The Maryland General Assembly has scheduled a March 9 public hearing on a bill that would take a far more aggressive approach toward health reform in the state than passed at the federal level last year.
The bill, SB388, would create a single-payer system to administer all health insurance coverage in Maryland. The public hearing is planned before the Senate Finance Committee, beginning at 1 p.m. No action by the Maryland House of Representatives has been scheduled.
The 27-page bill makes no mention of insurance agents and brokers, and if approved would likely eliminate the need for them. The language of the bill doesn’t clearly explain how those services would be performed.
Eleven senators are sponsoring the bill, the Maryland Health Security Act of 2011, which would establish the Maryland Health System to provide health care services to all residents of the state under a system not dependent on employment. The program would be funded by the state and permit people to access any approved health care provider in the state.
If approved, according to the bill’s text, the program would serve as the state’s effort to meet the federal law’s requirements.
A grassroots group, Healthcare-Now! of Maryland, is pushing for the bill, arguing that the Canada-style approach to health care would eliminate the profit motive of insurers and lower overhead, according to the group’s website.
Under the provisions of the bill, a Health Policy Board would establish a comprehensive health package, including all medically necessary care, preventive care, integrated health services, mental health services, substance abuse treatment services, home- and community-based services, dental services, basic vision services, and prescription drugs and devices without any co-insurance, deductibles or co-payments.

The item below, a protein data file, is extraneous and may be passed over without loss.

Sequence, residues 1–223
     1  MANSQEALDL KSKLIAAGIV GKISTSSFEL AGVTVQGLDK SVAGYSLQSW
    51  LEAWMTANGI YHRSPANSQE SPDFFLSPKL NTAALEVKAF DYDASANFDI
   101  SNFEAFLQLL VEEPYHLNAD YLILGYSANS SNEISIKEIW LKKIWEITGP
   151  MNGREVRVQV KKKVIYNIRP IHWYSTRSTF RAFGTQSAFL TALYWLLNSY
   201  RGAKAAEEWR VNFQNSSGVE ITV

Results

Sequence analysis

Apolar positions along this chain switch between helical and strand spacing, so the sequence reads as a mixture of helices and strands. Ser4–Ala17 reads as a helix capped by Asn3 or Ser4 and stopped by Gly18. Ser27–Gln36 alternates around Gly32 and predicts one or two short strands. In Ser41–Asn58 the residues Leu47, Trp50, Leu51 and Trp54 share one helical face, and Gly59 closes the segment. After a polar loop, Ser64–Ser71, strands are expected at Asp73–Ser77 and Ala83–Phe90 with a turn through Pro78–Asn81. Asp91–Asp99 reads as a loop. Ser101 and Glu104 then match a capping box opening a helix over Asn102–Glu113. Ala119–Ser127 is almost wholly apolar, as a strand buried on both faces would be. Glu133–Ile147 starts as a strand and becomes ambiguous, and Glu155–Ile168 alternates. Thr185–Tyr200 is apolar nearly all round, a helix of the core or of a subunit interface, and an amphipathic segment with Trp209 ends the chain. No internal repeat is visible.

The state’s three existing third-party administrators – BenefitMall, Group Benefit Service and Kelly & Associates Insurance Group – have spent more than $150 million on developing technology to administer the current health system in the state, according to a study performed by Baltimore economist Anirban Basu for the Health Insurance Buyers & Brokers Coalition of Maryland. The group advocates building on that system as a means of saving the state money and avoiding unnecessary duplication.
The bill, which does not include a budget statement, mandates that the new health system develop a plan to decrease administrative costs for the system to 10% or less of the total health care expenditures of the program within the first five years, and to 5% or less of its total expenditures within the first decade.
If the bill is approved an administrative board, the Maryland Health System Fund Board, would administer funding from the Maryland Health System Trust Fund, according to the test of the bill.
With a state budget deficit of more than $1 billion, the proposed expansion of health coverage from the state for all residents seems like a longshot in Annapolis this year.
The single-payer approach would be the most extreme attempt at health reform, exceeding the provisions of the federal Patient Protection and Affordable Care Act passed last year. That law, which states are now implementing while federal courts continue to weigh its constitutionality, establishes state-based health insurance exchanges where individuals and small business owners will be able, starting in January 2014, to compare policies and buy coverage.
The bill also conflicts with the three bills introduced on behalf of Gov. Martin O’Malley, which seek to create the administrative infrastructure to develop the health exchanges in the state. Those bills are the result of work of the Maryland Health Reform Coordinating Council, which met last year and wrestled with how best to implement federal health reform in the state.
If the single-payer bill passed in Maryland, it would make irrelevant the ongoing court debate over the federal law. So far, three courts have found the law, passed in March 2010, legal, while two other courts, one in Virginia and one in Florida, have ruled the individual mandate, forcing every American to either enroll in a health insurance plan or pay a fine, unconstitutional.
More than 20 challenges have been filed in conjunction with the federal law and the lower court rulings have been appealed, setting the stage for an eventual review by the U.S. Supreme Court.